MANKATO — The continued spread of a novel coronavirus has area hospitals, clinics, schools and public health departments preparing for potential cases in southern Minnesota.
Known as COVID-19, the disease has caused 84,124 confirmed cases and 2,867 deaths worldwide as of Friday. Minnesota hasn’t had any confirmed cases yet, but state health officials on Thursday indicated COVID-19 is likely to hit the state.
Mankato-area health officials say they’re on alert for COVID-19, while holding regular discussions on preparedness.
“What you’re seeing across the country is people looking at their preparedness plans,” said Eric Weller, coordinator of the South Central Healthcare Coalition. “This preparation is nothing new; it’s something we’ve been doing for years whether it’s an epidemic, pandemic or a surge of patients after a trauma situation.”
The coalition includes hospitals, clinics, public health agencies and emergency management organizations in south-central Minnesota. The parties are in frequent contact about the outbreak, including how to plan for potential patient surges.
Health workers at clinics and hospitals started asking patients about travel as a way to identify potential cases, Weller said. Until last week confirmed cases in the U.S. had all stemmed from people traveling from China, but cases with no obvious connection to China began to emerge on the West Coast late in the week.
Statements from Mayo Clinic Health System and Mankato Clinic confirmed they have plans and protocols in place for patient care and staff protection.
“Mayo Clinic is one of many health care organizations that is prepared, with support from public health authorities, to care for patients with COVID-19,” Mayo’s statement read. “Within our service areas, we have plans for patient care and protecting staff.”
Mankato Clinic stated it has adopted national and state guidelines for handling patients.
“At all Mankato Clinic locations, staff are following coronavirus and infection control protocol from the Centers for Disease Control and Prevention and the Minnesota Department of Health,” the statement said.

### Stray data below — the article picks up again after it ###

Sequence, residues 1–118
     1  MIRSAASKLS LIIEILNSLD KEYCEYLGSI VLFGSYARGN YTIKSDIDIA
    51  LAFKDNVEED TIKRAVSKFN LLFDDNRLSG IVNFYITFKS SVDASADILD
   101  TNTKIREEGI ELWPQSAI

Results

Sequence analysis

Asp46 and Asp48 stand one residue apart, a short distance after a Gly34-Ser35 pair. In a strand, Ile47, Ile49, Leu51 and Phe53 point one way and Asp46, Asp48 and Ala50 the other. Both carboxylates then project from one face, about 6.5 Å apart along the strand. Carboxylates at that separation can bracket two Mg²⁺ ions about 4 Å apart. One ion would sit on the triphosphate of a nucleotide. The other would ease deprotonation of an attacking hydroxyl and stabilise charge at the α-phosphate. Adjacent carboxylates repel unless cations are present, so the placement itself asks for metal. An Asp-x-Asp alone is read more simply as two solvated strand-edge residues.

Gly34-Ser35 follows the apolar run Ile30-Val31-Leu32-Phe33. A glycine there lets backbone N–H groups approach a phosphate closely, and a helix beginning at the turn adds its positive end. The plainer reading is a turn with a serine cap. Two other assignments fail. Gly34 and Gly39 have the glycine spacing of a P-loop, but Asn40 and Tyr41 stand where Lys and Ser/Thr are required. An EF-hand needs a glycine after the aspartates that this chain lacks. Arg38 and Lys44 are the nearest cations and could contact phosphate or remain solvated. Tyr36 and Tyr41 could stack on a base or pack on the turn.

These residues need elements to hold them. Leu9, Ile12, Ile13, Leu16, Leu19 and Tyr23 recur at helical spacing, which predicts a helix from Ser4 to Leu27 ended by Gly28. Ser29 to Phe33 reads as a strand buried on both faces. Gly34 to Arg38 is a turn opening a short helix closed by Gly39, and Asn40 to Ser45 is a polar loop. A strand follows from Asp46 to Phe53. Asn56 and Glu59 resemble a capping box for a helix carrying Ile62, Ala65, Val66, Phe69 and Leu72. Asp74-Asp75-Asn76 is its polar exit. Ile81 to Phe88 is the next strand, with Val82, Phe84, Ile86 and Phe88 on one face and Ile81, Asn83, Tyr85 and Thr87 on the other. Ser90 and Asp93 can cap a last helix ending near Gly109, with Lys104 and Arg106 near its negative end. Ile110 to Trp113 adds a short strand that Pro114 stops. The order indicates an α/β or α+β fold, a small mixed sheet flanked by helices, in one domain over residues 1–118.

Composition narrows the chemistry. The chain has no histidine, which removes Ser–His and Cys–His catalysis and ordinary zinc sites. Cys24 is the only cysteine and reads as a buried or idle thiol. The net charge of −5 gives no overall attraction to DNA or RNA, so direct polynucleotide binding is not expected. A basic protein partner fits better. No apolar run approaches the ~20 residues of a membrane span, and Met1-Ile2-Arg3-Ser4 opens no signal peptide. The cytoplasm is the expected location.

The health department would oversee the handling of cases within the state, including whether quarantining is necessary. The state would notify counties if a case were identified in the area, said Kelley Haeder, Blue Earth County’s public health supervisor.
“We would provide support and make sure that person or persons had all of the essential tools,” she said.
The health department has sent four suspected COVID-19 samples to CDC since the beginning of the year. Three came back negative, and a fourth sent out Monday hasn’t been confirmed positive or negative yet.
The person it came from remains in voluntary isolation in the meantime, according to the health department. Minnesota isn’t among the states able to test for COVID-19, although the state should have the capability by next week.
Minnesota Health Commissioner Jan Malcolm said at a news conference Thursday the continued spread could lead to cases in Minnesota within the next couple of weeks.
“While it would be great to keep the virus outside of Minnesota entirely, we don’t think it’s likely as a practical matter,” she said.
The state is at a point where people should find ways to minimize their risk to reduce burdens on health care providers, she said. With a vaccine still in its early stages of development, covering coughs, washing hands and staying home when sick are especially important prevention tips for the public.
Just as local and state health officials prepare for a state outbreak, Mankato Area Public Schools and other districts are in frequent contact with the health department’s school nurses consultant and regional epidemiologist. Mankato schools nurse Terri Helland said the district is updating its pandemic plan from the H1N1 flu in 2009 as needed to respond to the new threat.
“We’re taking phone calls from parents or students if they have questions or concerns,” she said. “We’re just trying to let them know what we know so far, and we’re following the lead of our health experts.”
COVID-19 symptoms include a fever, tiredness and dry cough. Its fatality rate is roughly 2.3%, according to the Journal of the American Medical Association.
The fatality rate rises by age, with an 8% rate for people between 70 and 79 and a nearly 15% rate for people older than 80. No one younger than 9 years old has died from the disease yet, a sign younger people aren’t as vulnerable to the virus so far. About 87% of cases occurred in people between 30 and 79 years old.
Like other respiratory diseases, COVID-19 is believed to spread through exposure to droplets from an infected person’s coughs and sneezes. With how new the disease is, though, state health officials stressed there’s still much to learn about it and how it spreads.
The COVID-19 outbreak comes as flu cases spiked in recent weeks in Minnesota. Flu deaths rose to 67 across Minnesota and reached at least 16,000 in the U.S. as of late February.